Traditional knowledge has four properties that are relevant to the change we're going through. Two of those characteristics repeat properties of reality and two repeat properties of political regimes. Put them together, and knowledge not only confers power, it does so in the name of the nature of reality.
First, we've assumed that just as there is one reality, there is one knowledge, the same for all. This has to be the case (we've assumed) because knowledge is a representation of the one true reality. Dispute this and you get called a "relativist" or—worse--a "postmodernist."
Second, we've assumed that just as reality is not ambiguous--it's either one way or another--neither is knowledge. If something isn't clear to us, then we haven't understood it.
Third, because knowledge is as big as reality, no one person can comprehend it. So we need filters. These people decide what is worthy of our time and consideration, based not on their whims and the accidents of their birth but on education, experience and clear thinking. We call them experts and we give them clipboards. They keep bad information away from us and provide us with the very best information.
Fourth, experts achieve their position by working their way up through societal institutions. The people in these institutions are doing their best to be honest and helpful, but organizations inevitably are subject to corrupting influences. Which ones get funded can determine what a society believes, and funding is always granted by people who know less than the experts within the institution: The fate of a DNA research center rests with congresspeople who couldn't tell a polynucleotide from new extra-whitening Tide.
Each of these ancient assumptions about knowledge is crumbling.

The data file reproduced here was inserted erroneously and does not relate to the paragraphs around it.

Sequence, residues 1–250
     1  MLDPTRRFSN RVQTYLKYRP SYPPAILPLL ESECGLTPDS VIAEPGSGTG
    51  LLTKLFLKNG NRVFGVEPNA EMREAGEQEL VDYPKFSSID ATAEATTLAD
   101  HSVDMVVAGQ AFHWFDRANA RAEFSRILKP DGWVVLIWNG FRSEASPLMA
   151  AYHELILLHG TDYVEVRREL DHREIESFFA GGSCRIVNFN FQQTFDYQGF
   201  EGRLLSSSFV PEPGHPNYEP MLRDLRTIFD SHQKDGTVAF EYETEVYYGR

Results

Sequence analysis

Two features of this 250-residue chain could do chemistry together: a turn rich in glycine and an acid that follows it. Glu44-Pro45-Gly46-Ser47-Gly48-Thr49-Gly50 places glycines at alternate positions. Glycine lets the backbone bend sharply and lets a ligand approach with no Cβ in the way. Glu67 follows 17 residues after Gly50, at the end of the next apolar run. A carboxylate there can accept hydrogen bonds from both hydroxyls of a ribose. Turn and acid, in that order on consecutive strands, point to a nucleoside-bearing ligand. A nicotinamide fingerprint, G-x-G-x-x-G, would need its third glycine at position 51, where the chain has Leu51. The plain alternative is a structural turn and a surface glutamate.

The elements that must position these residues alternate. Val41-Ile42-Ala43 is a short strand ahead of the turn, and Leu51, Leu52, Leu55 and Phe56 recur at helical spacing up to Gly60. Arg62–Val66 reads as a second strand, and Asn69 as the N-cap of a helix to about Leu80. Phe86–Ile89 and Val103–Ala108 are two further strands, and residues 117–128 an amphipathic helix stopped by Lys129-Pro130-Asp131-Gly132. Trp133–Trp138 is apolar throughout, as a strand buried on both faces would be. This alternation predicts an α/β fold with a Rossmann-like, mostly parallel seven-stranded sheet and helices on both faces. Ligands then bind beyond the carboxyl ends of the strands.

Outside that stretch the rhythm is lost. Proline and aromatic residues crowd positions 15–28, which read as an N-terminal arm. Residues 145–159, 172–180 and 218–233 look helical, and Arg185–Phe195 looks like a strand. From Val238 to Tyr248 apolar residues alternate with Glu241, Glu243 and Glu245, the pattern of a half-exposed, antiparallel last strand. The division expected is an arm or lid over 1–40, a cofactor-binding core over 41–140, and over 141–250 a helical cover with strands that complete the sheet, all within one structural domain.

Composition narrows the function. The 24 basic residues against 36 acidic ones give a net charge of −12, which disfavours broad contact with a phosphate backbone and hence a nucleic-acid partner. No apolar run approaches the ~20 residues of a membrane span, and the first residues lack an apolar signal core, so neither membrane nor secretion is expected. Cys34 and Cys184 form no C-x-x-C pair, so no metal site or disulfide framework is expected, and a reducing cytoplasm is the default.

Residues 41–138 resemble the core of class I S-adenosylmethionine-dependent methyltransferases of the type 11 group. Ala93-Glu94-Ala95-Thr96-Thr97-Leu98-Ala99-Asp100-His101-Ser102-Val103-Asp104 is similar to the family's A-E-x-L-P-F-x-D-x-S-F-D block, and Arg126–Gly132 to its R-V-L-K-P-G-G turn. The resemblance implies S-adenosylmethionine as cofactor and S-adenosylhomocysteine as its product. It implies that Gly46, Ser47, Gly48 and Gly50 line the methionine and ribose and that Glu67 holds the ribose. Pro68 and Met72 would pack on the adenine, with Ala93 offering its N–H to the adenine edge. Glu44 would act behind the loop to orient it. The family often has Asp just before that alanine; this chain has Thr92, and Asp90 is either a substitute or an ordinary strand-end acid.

First: We've had several thousand years to try to figure out what the one true knowledge is, and it's not going so well. In the United States, we can't even agree that the idea that God designed the universe, even if it's true, is not a scientific theory. We've really only come to consensus on the most boring bits of knowledge: facts. And you have to get to pretty basic facts before you'll get every sane person on the planet to nod her head.
Second: When we try to drive ambiguity out of a system of knowledge, we falsify it in the name of simplicity. The universe is analog, messy, complex and subject to many interpretations. At this point, we would be smarter in many domains if we'd allow some ambiguity back in.
Third: Obviously we continue to need experts. But, we also now need millions of non-experts, especially when it comes to filtering information. For example, newspapers filter the news. But inevitably they don't know exactly what I'm interested in. Nor do they precisely represent my point of view, although some do more than others. So, on the Net we filter the news for one another, pointing out items of interest and contextualizing them: "There's a great article in The Guardian today about the ridiculousness of the idea of intellectual property" or "You should read this op-ed in the Washington Post, although watch out for the last paragraph where she suddenly gets it all wrong. Here's why ... "
Fourth, we don't know what will happen to knowledge-based institutions now that expertise is distributed and does not necessarily require certification by those institutions. The old ways of maintaining order in a discipline--reward the mainstreamers, kick out the renegades--fail on the Net. I'm not saying the Net's ways of rewarding and punishing are better, but they are different and change the power relationships. From newspapers, to encyclopedias, to politics, to publishers of music and books, the only thing we know is that these institutions are undergoing drastic change.
But where's the surprise in that? Knowledge is changing right before our eyes ...